Gananoque rejects study of Kinsmen building slope

·2 min read

Gananoque town council has decided not to proceed with procuring a geotechnical assessment/shoreline erosion study for the unstable slope identified at the Kinsmen Community Hall.

However, council did approve, in principle, the direction of the Kinsmen Building Advisory Panel to proceed with exploring the option of maintaining the building for municipal use/non-municipal use or a hybrid thereof.

Council also passed a bylaw extending the term of the Kinsmen Building Advisory Panel for an additional three months to Aug. 1. The panel's term was scheduled to end on May 1.

The Kinsmen Building Advisory Panel has met three times since its inception and was expected to meet for a fourth time on Wednesday.

The panel members have completed an orientation of the building's history, reviewed studies and reports, and explored four options – demolish and repurpose, sell and reinvest, lease municipal use, and lease non-municipal use.

During the discussion of options, it was learned that the shoreline area at the Stone Street North site is identified as an "unstable slope."

The unstable slope is located at the northwest corner of the existing building. There is also a drop in the foundation slab in this same location.

It is unknown if this drop is related to the settling of earth after the building was constructed, or if the slab has progressively dropped over time. Discussions with previous owners/users, suggests the former.

In addition, erosion of the shoreline is a concern.

In order to determine the exact erosion rate and long-term slope stability for this shoreline, council heard that it would need to be determined by a site-specific geotechnical assessment.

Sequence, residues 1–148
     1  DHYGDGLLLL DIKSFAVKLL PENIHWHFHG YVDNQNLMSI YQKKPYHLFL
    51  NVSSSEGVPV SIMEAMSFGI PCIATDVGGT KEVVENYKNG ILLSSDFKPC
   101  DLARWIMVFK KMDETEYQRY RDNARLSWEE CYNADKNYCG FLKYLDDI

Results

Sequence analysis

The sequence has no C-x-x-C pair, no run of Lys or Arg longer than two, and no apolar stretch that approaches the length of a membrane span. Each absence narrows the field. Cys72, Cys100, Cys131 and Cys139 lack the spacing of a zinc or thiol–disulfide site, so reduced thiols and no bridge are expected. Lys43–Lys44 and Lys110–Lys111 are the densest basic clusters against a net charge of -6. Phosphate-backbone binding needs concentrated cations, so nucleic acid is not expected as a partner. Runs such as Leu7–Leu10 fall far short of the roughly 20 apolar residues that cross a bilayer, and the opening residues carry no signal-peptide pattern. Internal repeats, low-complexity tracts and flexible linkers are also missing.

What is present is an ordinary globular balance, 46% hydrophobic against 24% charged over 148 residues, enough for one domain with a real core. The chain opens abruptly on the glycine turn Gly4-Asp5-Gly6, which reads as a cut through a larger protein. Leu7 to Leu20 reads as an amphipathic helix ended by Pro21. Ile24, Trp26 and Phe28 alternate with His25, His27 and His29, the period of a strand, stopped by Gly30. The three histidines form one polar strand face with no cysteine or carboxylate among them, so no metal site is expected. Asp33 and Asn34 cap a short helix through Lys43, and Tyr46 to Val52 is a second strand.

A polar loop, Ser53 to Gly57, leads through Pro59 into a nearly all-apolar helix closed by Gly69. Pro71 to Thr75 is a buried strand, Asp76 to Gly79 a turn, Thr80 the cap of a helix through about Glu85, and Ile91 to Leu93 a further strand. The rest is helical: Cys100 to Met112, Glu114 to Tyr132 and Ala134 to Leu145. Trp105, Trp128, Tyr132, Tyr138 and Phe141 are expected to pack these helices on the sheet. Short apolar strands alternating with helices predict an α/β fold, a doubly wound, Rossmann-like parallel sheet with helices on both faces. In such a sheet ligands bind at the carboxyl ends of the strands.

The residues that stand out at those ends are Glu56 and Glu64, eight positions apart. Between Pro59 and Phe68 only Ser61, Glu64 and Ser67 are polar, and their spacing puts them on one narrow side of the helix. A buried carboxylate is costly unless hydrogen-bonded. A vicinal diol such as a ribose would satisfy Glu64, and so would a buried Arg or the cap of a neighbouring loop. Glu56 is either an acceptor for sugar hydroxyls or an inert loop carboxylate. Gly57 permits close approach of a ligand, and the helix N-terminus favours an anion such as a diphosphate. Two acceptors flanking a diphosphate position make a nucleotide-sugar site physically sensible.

The advisory panel recommended to council that this be conducted to come up with a better understanding of the current state and to develop a plan to stabilize the shoreline and protect the building, if needed.

The panel has also discussed the four options and wishes to proceed with exploring municipal use/non-municipal use or a hybrid thereof.

This will result in the panel focusing its attention on inviting groups such as the YMCA, Senior’s Association, Library, etc. to discuss such matters as capital and operating costs, user fees, uses, and timelines.

The advisory panel's ask for a three-month extension to Aug. 1 is to complete further work including inviting interested groups to present proposals for the use of the building, and conducting public consultation.

(Keith Dempsey is a Local Journalism Initiative reporter who works out of the Brockville Recorder and Times. The Local Journalism Initiative is funded by the Government of Canada.)

Keith Dempsey, Local Journalism Initiative Reporter, Brockville Recorder and Times

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